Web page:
While clearing the Thanksgiving table, I admired the small helpings of various leftovers, and was reminded that “small is beautiful,” not to be ignored or overlooked. It’s a lesson that should illuminate a slice of REIT investing principles, which I’ll follow with some “BIG” small cap ideas.
1. As a zealous value investor, and committed, practiced REIT investor (Real Estate Investment Trusts) and analyst, I’m always on the hunt for bargains, and those “small-fry’s” going – and growing- in the right REIT direction.
2. It’s fun to find and track those players other “Street” analysts might overlook. Investors might ignore smaller-sized REITs, leaving gem mining to the gutsier investors looking to find the next diamond in the rough. I want to help give you an edge.
3. My eyes are not just on the capture (ownership) of oft-elusive, high-value, low-costing publicly-traded securities, but also, the enjoyment of quarterly (and sometimes monthly) dividend collecting, especially as they grow over time, without much work from me, other than reinvesting it, or taking the cash.
4. Almost a commandment: time-tested guidelines and rules for successful small cap REIT investing shalt not be ignored. Including:
5. With a smaller volume of shares trading in a given ticker symbol, the price spread will typically be wider. Placing limit orders (for DIY investors, or asking your broker to), instead of market orders … can help prevent your purchase price (as “bid”) from landing on the higher side (“ask”) of the trading spread.
6. And with a smaller volume, a more thinly-traded stock may not have enough supply just when you want to buy – so, for sure, use patience.
7. And about pricing, lack of Wall Street coverage and investor interest can result in shares remaining undervalued, especially in down markets.
8. Smaller company balance sheets correlate with fewer and less diverse company asset holdings, and sometimes limited or narrower future prospects. Said another way, small caps have always been seen as riskier bets than large caps because they often lack diverse revenue streams or stable cash flows. So: restrict your small cap holdings to a smaller portion of your portfolio, to mitigate those risks.
9. For more “speculative” buys, I like to stay inside a 1% holding for any one stock.
10. Here’s a nice group of small cap’ers to consider, to help fill out your REIT portfolio:
Unique, Kansas City-based, CorEnergy Infrastructure Trust
Operating leases have priority in payment and bankruptcy. CORR revenue stream therefore, is resilient and protected even during any bankruptcy encountered. CORR continues paying a stable dividend and maintains a comfortable level of coverage. Current dividend yield 8.35%. Analysts forecast impressive AFFO earnings growth of 9% in 2019.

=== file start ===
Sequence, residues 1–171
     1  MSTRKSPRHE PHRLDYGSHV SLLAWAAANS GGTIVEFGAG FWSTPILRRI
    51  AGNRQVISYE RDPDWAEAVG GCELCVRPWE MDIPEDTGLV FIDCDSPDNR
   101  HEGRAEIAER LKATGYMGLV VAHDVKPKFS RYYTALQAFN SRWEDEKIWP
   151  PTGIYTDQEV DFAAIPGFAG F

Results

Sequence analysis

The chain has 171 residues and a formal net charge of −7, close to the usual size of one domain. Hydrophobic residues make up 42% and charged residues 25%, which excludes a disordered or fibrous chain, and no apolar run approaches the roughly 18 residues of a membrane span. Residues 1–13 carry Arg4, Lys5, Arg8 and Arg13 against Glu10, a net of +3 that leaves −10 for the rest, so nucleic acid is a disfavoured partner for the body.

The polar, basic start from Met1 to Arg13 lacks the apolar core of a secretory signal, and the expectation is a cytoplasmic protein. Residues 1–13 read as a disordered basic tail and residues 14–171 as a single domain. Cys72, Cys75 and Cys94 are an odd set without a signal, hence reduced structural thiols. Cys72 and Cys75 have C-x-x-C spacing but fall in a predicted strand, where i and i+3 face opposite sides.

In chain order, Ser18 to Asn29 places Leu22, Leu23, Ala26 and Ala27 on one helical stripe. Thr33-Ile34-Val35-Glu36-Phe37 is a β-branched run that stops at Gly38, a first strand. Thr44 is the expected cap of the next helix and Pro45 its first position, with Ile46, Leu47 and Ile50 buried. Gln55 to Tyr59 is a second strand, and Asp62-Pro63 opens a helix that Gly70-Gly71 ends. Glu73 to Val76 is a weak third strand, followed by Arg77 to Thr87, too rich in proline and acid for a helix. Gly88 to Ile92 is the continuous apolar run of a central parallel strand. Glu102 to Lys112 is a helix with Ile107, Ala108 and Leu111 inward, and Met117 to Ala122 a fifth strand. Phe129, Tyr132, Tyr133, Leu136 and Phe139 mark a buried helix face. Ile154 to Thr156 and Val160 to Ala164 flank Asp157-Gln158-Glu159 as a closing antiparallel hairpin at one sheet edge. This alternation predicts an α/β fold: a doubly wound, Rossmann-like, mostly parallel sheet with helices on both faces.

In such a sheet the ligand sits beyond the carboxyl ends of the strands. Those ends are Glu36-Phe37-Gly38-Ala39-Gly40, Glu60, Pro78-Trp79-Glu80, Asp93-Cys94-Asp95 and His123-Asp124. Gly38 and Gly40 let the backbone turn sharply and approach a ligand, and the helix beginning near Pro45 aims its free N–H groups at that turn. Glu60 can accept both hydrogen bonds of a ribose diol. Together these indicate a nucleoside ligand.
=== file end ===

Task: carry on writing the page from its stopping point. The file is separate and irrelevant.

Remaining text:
On a riskier side, City Office REIT Inc.
By end of Q1-19 expects all $170 million to work acquiring new properties. Beyond, has potential $330 million acquisition pipeline that could keep property base growing strongly for several more years. AFFO payout 122% (in part to attract investor interest), and expecting to fully cover dividend with cash flow next year and begin growing dividend in line with AFFO/share growth in 2021. Currently fastest growing office REIT in America. Collects 35% of rent from government agencies or investment grade companies (or subsidiaries). Risk-tolerant investors potentially looking at 16% to 18% long-term annualized returns over coming decade. Dividend yields 8.80%.
The only publicly-traded pure play on timber, CatchMark Timber Trust Inc.
May lumber peaked at more than $600/ton, up 50% from beginning of the year. Trade duties on Canadian softwood imports drove tighter supplies and the saw mills that were recently brought back online, struggled to find volume, as construction activity marched higher. Lumber pricing has since come down to more realistic levels, into $350/ton range. However, CatchMark sells timber (not lumber), and does not engage in higher risk activities like lumber manufacturing or land development. Of the major publicly-traded timberlands REITs, CTT is the only one expected to grow EBITDA year-over-year into 2019.
On strict land value basis, CatchMark trades at a discount to the true value of its timberlands acreage. Investment in timber has a place in any portfolio, especially when market sentiment is weakest. The net asset value story is here, the income story is in place, with a 6.46% dividend yield, and management team has excellent experience.
QTS Realty Trust, Inc.
Third quarter brought online approximately four megawatts of gross power and approximately 26,000 net rentable square feet at its Atlanta-Metro, Chicago and Piscataway (NJ) facilities, total cost about $31 million. In October 2018, completed acquisition of 55 acres of land in Atlanta, Georgia next to existing Atlanta-Metro mega data center, expanding area campus by 150 megawatts. By the end of 2018, QTS expects those non-core revenues and expenses to be fully removed from financial results. Dividend yields 4.17%.
Easterly Government Properties
Since 2010, DEA acquired 64 properties encompassing 5.5 million square feet. Portfolio is 100% leased, weighted average age is 13.5 years. Q3-18 showed significant growth, with approximately 1.5 million square feet of new rental space, 99% leased with weighted average lease expiration in 2022. Investor risks (high payout ratio) are adequately rewarded in the form of a 5.89% dividend yield–one of the highest yields in the office sector.
Look for my entire Small-Cap Portfolio – along with 6 other specialized portfolios… part of the broad coverage of REITs – and my updated BUY/SELL recommendations – in the December Forbes Real Estate Investor newsletter. It’s also a very thoughtful holiday gift! CLICK HERE.